Or the pursuer pursues even more in the second because she thinks she didn’t pursue enough in the first. Or the withdrawer ain’t gonna take no crap either and withdraws at the drop of a hat in the second.
People in second marriages have less resistance to these patterns and they have antennas out looking for inequities because they’ve have their fill of hurt already in their first marriages and are hypersensitive to it in their second, third, etc. So if they had difficulty in these areas in their first marriage, it’s likely to be an even worse pattern in subsequent marriages.
But neither withdrawing nor pursuing work in first or second or third or whatever marriages. So in therapy we look at not getting each other worked up so much and if one or the other is getting hot that they need to calm it down ASAP before it reaches the boiling point, so the two of them can actually work things through.
Since my last blog zeroed in on the withdrawer (extreme versions of) I thought that in this blog I’d focus on the pursuer. Withdrawers as a whole (most of them are husbands, but wives can do it, too) don’t want to be attacked and put on the spot. The direct approach just gets them upset. So, if you are the pursuer, the one who brings up issues to discuss and think things through, you are going to have to be a little more subtler than that. Here’s a hint from the Bible:
These commandments that I give you today are to be upon your hearts. Impress them on your children. Talk about them when you sit at home and when you walk along the road, when you lie down and when you get up.
Deuteronomy 6: 6-7
Now your spouse isn’t your child, but the principle is the same, that the best time to talk about important things is when you are casually doing other things. Francis Schaeffer, the well-known Christian apologist of the 1960’s and 1970’s, actually used this as a teaching technique. He’d take the young college intellectuals that visited him at his chalet (called L’Abri) in Switzerland on walks in the beautiful Swiss alps and as they went on walks in the midst of all the overwhelming beauty, he would ask them questions about the meaning of life or they would ask him questions about the absurdity of it all and they would talk about God and philosophy and theology and the monolithic (He used the word monolithic a lot in his writing.) culture of the day. When people are on walks and looking at beautiful nature and NOT looking each other in the eye, it’s a lot easier to talk about difficult subjects. This not only works with your children (as in the verses quoted above), and with budding intellectuals, but with your spouse. Timing is everything.
So suggest you take a walk or go for a drive and keep the radio off and look at the scenery or the crops or the deer or the changing colors of the leaves and the blooming flowers or the scurrying squirrels and talk about this or that along the way, not looking directly in his eye or chat while you are working on a project together like cleaning the garage. Or have some pillow talk while you cuddle at night before you go to sleep and the lights and TV are off and just chat about your day and keep it calm and keep it simple and see if, dang, he doesn’t open up after all.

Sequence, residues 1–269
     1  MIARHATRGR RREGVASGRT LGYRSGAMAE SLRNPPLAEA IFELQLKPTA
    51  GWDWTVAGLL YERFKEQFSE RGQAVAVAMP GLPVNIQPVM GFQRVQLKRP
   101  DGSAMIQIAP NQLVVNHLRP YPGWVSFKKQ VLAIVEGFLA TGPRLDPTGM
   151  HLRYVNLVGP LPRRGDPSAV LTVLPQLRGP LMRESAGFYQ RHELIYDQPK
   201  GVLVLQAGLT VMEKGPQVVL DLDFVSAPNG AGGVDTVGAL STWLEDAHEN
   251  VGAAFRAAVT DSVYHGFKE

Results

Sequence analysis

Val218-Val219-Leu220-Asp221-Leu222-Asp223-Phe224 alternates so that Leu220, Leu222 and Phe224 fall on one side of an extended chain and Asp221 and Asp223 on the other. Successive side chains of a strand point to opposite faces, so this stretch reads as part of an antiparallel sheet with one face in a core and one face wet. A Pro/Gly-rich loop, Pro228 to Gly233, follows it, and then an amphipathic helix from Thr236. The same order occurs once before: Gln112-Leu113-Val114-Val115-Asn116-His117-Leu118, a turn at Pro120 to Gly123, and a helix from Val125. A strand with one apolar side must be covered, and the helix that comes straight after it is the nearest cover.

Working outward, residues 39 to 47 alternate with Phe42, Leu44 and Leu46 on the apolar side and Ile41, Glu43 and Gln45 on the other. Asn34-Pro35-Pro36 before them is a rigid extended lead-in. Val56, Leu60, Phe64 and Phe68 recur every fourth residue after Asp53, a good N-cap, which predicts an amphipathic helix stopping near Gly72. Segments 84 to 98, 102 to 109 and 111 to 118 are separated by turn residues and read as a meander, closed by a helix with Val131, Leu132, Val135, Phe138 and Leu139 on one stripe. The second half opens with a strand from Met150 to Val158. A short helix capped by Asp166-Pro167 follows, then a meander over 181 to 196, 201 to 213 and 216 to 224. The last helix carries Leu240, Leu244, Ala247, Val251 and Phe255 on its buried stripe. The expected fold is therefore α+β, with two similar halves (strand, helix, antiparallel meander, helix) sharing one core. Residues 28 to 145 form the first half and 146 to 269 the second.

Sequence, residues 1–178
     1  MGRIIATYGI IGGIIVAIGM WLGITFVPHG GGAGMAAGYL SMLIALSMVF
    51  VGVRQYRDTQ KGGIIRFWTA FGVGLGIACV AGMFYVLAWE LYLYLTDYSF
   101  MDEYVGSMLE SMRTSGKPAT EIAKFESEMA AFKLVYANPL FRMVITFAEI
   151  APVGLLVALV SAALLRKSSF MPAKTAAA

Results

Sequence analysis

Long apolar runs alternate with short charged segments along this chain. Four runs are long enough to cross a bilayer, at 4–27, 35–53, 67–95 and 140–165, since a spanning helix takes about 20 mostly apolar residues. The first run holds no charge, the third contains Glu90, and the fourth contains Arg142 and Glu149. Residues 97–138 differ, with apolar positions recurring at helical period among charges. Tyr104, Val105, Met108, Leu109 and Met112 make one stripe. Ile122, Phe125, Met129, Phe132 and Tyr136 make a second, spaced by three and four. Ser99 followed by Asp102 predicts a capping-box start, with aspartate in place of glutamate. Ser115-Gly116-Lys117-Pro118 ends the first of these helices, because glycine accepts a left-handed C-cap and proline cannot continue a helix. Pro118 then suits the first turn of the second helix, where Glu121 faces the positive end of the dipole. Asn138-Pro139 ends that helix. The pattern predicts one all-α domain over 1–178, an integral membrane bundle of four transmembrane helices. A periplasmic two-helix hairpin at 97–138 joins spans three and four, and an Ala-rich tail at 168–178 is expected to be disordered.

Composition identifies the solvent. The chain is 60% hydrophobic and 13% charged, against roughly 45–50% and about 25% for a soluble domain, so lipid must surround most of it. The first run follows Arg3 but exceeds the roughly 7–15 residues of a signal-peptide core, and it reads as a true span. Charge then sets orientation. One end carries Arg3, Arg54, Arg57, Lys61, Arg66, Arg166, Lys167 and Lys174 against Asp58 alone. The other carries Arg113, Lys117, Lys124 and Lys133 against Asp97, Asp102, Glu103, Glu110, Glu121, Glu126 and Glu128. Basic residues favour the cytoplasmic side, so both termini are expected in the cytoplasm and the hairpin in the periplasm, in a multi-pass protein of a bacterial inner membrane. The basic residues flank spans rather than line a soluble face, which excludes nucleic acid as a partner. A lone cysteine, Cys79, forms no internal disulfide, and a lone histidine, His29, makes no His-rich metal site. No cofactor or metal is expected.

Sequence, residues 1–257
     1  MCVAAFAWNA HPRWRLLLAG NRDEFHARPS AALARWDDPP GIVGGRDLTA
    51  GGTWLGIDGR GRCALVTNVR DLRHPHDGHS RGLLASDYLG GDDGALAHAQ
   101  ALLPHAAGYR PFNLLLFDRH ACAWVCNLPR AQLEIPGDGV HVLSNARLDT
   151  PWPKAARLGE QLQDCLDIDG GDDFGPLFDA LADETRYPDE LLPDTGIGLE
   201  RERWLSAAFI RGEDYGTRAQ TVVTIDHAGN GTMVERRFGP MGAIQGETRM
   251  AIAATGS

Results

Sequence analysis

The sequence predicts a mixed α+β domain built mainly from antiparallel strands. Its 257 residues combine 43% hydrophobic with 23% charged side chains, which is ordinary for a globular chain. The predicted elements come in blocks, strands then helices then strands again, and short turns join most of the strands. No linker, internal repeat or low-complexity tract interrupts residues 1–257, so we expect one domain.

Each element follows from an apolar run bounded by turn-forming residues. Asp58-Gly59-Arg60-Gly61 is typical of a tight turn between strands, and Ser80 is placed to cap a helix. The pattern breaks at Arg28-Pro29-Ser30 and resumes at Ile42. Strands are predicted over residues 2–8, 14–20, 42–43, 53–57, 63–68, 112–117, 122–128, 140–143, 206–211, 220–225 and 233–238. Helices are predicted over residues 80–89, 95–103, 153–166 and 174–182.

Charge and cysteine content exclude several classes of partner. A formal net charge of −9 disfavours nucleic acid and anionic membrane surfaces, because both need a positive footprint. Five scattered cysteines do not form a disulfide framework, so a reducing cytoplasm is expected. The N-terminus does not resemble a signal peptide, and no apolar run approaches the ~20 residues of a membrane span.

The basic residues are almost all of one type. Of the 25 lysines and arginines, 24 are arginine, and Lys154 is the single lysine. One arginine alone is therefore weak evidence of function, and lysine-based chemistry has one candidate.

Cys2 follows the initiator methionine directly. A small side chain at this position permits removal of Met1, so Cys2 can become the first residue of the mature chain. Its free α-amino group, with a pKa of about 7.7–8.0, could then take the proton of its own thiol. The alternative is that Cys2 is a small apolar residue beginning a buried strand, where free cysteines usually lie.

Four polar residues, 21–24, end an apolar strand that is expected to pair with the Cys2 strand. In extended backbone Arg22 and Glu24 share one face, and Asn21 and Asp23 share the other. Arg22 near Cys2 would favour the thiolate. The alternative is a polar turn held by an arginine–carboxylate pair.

Remember when you were a kid and you and a buddy were in sleeping bags in the backyard and this one night you didn’t have a tent and you just laid there looking at the stars and the two of you talked into the wee hours of the night about the scary things and you talked about your problems for the first time and you felt heard, like someone actually understood you? Or you and a couple of friends sat by a campfire after everyone else went to sleep and you expressed thoughts you’d never thought before, all while you all are just fiddling with the fire and are mesmerized by the marvel of the mysterious dancing flames, never once hardly even looking at each other? Ah, now you are getting it.
The key ingredients here are informality, nonchalance and chatting. And timing.
Don’t stand there glaring at him with your hands on your hips and your chin butted out and your eyelids all ferruled and lips pursed. And keep the sarcastic comments out of the conversation altogether. Just chat. The research on this is clear: Withdrawers WILL talk if they feel it is safe. Start attacking and accusing and evaluating and dissecting his personhood and his motives, start reading his mind and telling him what he thinks and feels, being sure to put a negative spin on it and then absolutely not being open to his point of view when he tries to say he doesn’t feel or think or even ponder that way at all and you can expect your withdrawer to shut down like lockdown after courtyard time at the federal prison.
And then that will really get you going and you’ll be off to the races again, but no one will ever win.
For Part One and Two of this series on communication between husbands and wives see:
In this first blog on a series on Communication Dr. Wall looks at the current research about how we can read (or not!) each other’s minds. He probably lets his mind wander just a tad too much.
In this second blog of a series on communication Dr. Wall ponders the messages we convey to our spouse when we shut down and won’t talk. Communication is occurring in spades, but it might not be the message you intend to send.
Dr. Wall continues his series of blogs on communication by cautioning about using anger as an everyday communication tool. It’s better left for emergencies.
In this fifth blog in a series on communication Dr. Wall piggybacks on a cartoon by his son, Marty, on the importance in marriage of being able to work through your problems.